Lessons From Borough Market

066While in London in November I couldn’t pass up the opportunity to return to Borough Market, that vibrant hub of diverse food artisans that provides a plethora of tantalizing food options to locals and tourists.

Since my visit to the UK involved participation in a conference devoted to reducing food waste and greening the cold chain, I decided to do a little on-the-side research in London on my own.

Having been to Borough Market once before, I knew of the great selection of myriad foods from local producers — but I was excited to learn more about the Market’s role in the community and its commitment to “doing good” in many ways, including through donations of perfectly good, excess food.  Thanks to a helpful staffer and Borough Market publications, I learned a lot.

Some quick background.  Amazingly, especially considering the extensive consolidation that has occurred among food retailers, Borough Market has a history that dates back one thousand years.  The Market has survived all kinds of disruption and gone through considerable evolution to reach its current status as a thriving food mecca.  But as the Market’s website suggests, it is much more than just a location to buy and sell food — it is unique.  Part of Borough Market’s unique nature stems from its structure.  It is a charitable trust dedicated to providing a market to benefit the public.  It is a dynamic venue for people to celebrate and connect over quality food, to share knowledge and expertise, and to create partnerships “that inspire people about food, creativity, and sustainability.”  In short, Borough Market is about community.  Its directors seek to make it diverse and accessible to all community members while working with new businesses and social enterprises to ensure its long term viability.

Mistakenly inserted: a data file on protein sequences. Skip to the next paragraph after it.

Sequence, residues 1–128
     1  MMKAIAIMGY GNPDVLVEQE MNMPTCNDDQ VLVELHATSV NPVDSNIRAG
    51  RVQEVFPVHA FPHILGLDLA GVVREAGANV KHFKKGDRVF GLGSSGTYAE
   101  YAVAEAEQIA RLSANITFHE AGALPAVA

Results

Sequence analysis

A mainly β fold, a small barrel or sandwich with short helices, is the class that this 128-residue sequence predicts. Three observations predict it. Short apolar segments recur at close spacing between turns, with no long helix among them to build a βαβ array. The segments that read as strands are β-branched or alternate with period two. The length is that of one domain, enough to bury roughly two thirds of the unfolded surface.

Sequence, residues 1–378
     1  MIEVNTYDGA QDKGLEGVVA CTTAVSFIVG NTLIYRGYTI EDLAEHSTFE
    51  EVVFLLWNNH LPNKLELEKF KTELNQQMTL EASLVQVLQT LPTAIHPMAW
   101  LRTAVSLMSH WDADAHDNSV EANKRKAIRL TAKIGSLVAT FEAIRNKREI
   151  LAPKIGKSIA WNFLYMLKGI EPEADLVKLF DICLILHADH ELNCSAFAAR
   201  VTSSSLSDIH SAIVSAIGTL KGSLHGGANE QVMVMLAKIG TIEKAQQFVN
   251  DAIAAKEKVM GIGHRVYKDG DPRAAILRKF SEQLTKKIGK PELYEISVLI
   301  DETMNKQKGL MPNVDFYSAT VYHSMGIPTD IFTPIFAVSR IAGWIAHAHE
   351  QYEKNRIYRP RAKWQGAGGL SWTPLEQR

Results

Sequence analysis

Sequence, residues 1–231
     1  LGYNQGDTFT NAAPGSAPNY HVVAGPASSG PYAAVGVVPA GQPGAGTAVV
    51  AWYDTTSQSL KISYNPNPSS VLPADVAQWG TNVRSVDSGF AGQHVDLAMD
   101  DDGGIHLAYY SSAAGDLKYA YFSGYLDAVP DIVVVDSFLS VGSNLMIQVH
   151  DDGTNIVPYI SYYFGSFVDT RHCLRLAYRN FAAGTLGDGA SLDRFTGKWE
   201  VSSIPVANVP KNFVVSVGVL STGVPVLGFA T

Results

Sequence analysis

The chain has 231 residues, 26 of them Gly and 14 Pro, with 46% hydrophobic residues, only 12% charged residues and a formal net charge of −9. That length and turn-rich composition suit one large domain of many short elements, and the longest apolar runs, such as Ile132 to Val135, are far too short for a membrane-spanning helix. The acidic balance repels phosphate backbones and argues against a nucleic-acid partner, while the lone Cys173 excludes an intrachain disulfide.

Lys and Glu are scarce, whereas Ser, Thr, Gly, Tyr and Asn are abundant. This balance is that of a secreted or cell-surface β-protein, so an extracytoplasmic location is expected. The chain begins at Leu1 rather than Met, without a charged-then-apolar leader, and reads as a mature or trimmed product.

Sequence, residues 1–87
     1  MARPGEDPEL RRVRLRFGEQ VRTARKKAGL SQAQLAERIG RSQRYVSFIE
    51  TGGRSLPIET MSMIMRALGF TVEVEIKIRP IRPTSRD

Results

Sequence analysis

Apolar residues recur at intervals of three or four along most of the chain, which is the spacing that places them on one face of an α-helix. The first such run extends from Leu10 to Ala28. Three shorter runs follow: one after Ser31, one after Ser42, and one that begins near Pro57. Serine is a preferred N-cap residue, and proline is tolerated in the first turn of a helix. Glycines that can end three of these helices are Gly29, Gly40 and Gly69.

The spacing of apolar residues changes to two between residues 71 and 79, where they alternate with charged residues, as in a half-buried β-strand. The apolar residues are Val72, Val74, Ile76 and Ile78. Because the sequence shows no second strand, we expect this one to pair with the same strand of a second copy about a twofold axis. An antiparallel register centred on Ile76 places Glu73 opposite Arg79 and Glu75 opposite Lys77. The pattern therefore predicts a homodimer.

While it is a food sector entity, Borough Market provides a number of valuable lessons for individuals and organizations engaged in corporate social responsibility and sustainability initiatives across all sectors.  First, the Market’s very longevity shows its ability to adapt to changing external and global conditions.  Second, Borough Market’s ability to manage hundreds of diverse stallholders with myriad products and differing priorities, coupled with an incredibly diverse customer base, demonstrates recognition of the value in creative tension and the importance of managing it properly.  As Board chairman Donald Hyslop noted, “everyday it should create dilemmas…if it didn’t, you’d be doing something wrong — you’d be uniform, regimented.”  Viewing the market as its own mini-system in the larger food system, there are lessons here for those seeking to create positive change at the global level — such as feeding nine billion in a way that preserves the environment — by focusing on shared goals (ex. reduced waste, reduced pollution, enhanced safety, reduced hunger) and viewing challenges as opportunities.   Organizations that fail to evolve, that avoid responsible business practices, and that seek to avoid the tension brought about by change (particularly related to sustainability) not only miss an opportunity for competitive advantage, but increasingly they risk surviving.

Responding to critics who say that the Market is “not like what it used to be” (i.e. it is too expensive, and too crowded with tourists), Hyslop noted that it is “better to have that challenge than one caused by no people coming at all.”  Some lessons for organizations: be accepting of globalization (in this case represented by increased tourism) and look for ways to make money by incorporating sustainability into your business model.